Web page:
I was bought this book as a present. I did not immediately set to and read it but it was, in the end, next on the list. I can’t say that I have ever got to the end if a murakami novel and thought “I nailed that “. I feel that they are more like paintings, beautiful descriptions of characters and their stories, which you often see as a whole, but sometimes not. Individual elements will seem straightforward but their position becomes less clear in the greater context of the novel.
In this book there is a murder. This seems simple but it’s connection to a stone found in a shrine is less so and even more tricky is the link to a 50 year old library guardian.
Murakami weaves conventional narrative threads with deep exploration of the psyche.
I’m also quite aware that elements if the Japanese way of thinking and their religious world view may well be very important in a book like this. We meet dead people and enter into the world between the living and the dead as well as being as able to travel through space and time, populate other people’s dreamscapes, and talk to objects abs animals in their own language.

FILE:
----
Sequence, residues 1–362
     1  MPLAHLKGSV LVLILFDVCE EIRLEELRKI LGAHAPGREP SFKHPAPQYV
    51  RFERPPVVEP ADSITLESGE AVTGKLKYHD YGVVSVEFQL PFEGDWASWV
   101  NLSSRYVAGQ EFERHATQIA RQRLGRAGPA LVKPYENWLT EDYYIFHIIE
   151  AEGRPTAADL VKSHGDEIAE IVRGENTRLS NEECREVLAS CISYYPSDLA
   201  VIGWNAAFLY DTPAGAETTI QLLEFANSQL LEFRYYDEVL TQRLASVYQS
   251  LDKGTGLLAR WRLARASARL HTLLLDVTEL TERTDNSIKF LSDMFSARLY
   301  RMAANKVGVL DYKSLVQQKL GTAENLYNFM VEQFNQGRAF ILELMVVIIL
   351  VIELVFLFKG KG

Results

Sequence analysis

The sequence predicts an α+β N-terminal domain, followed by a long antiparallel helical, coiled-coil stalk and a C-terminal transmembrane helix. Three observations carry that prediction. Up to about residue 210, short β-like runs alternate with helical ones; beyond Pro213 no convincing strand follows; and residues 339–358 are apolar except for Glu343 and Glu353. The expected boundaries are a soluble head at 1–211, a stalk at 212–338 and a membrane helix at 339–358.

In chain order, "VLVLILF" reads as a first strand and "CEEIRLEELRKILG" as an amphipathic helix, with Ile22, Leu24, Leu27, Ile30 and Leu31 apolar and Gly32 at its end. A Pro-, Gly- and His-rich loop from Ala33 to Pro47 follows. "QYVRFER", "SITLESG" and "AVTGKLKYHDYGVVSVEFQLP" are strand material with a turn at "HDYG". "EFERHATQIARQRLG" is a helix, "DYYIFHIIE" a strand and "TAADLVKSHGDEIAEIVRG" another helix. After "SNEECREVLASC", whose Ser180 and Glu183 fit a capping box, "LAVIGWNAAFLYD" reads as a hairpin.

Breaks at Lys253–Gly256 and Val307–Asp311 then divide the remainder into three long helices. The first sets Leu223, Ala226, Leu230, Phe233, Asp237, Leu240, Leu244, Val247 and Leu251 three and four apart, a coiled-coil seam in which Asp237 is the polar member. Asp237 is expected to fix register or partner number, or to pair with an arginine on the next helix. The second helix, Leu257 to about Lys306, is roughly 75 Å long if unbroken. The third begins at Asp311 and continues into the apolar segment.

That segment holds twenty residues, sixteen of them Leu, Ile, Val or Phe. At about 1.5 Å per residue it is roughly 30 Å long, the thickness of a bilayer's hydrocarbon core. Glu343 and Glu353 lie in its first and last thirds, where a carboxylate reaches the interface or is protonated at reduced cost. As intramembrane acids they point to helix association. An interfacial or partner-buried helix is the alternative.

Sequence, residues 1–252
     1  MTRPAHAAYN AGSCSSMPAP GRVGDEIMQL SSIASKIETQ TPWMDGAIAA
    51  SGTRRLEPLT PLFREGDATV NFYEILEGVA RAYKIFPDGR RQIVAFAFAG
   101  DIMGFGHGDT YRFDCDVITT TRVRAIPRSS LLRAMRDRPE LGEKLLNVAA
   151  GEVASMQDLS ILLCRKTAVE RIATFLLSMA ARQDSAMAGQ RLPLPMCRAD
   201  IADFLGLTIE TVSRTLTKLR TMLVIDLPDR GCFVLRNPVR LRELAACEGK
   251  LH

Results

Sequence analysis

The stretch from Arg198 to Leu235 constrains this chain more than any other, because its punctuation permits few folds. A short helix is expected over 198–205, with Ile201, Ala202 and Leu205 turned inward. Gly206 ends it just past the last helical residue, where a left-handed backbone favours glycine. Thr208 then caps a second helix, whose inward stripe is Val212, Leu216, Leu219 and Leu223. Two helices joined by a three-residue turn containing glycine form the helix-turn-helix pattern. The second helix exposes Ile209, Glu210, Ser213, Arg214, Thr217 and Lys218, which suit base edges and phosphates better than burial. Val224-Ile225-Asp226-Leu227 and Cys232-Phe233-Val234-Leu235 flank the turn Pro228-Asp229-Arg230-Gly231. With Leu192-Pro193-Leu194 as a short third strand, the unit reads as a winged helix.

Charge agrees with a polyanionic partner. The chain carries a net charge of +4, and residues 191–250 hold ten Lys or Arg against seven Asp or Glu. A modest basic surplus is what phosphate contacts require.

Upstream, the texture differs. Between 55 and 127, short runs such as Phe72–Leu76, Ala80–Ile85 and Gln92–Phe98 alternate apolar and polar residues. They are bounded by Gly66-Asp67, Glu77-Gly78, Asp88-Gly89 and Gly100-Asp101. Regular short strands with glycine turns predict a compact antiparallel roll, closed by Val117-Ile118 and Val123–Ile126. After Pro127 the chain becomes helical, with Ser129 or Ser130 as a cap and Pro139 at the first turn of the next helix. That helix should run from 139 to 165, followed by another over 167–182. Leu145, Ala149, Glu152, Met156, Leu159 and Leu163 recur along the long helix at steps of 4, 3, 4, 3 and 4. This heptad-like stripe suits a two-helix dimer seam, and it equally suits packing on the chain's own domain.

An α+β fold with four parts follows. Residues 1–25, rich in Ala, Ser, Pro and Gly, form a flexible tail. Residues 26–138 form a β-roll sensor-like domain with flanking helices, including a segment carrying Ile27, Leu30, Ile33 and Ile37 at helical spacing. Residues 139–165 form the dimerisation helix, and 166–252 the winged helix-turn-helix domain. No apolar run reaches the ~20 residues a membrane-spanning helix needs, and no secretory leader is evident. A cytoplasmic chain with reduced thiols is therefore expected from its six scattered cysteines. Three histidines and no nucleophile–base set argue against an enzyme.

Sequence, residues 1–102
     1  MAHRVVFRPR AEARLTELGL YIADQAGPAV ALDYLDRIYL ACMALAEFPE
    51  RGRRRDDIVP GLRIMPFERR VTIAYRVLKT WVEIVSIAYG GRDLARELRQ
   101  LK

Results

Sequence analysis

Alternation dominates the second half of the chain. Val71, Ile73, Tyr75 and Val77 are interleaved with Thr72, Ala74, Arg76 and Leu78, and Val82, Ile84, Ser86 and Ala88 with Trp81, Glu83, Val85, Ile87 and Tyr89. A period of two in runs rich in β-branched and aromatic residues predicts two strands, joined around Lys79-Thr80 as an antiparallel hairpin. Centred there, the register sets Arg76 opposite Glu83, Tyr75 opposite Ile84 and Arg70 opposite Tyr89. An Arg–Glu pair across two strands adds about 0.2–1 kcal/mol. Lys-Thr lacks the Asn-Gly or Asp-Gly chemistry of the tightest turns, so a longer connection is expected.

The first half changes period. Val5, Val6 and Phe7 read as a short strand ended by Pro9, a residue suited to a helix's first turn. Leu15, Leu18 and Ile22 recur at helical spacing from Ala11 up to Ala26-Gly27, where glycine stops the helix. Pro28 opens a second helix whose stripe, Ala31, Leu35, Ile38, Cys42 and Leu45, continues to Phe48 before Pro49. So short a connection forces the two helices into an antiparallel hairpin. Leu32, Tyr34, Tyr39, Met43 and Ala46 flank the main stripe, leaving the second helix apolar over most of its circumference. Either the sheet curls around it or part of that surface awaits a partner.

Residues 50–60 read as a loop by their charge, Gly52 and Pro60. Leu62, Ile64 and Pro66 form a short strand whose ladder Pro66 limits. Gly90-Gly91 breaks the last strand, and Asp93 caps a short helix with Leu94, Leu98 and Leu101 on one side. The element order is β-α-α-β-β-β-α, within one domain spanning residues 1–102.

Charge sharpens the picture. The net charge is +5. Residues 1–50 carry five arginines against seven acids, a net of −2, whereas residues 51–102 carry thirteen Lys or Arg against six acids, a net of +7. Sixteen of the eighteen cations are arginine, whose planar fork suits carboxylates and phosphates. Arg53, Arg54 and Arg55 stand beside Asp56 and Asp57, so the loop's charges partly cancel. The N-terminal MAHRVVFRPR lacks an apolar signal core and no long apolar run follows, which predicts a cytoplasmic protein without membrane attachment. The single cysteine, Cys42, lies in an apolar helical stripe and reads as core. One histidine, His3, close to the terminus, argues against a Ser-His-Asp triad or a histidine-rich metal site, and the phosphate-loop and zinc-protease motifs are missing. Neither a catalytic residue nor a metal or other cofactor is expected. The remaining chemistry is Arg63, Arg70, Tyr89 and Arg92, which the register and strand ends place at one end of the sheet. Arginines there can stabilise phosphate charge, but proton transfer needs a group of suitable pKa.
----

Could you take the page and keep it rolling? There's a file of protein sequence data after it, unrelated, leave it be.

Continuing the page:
The book’s beauty is captivating, and the descriptions of love and loss are very tender. In the end our protagonist ( a 15yr old boy on the run from home) is at once the focus and the catalyst for the following events.
We also get to explore how memories and experience shape our very existence and how we can free ourselves from the things which have held us back in this world.
It took me a little while to work out the function of the serpent which came out of mr Nakata’s mouth, but I think it is his disability, which should not be allowed to follow him into the afterlife. Hoshino must kill this to help his friend and close the entrance to prevent the portal between the worlds from being breached by those things which he needs to leave behind.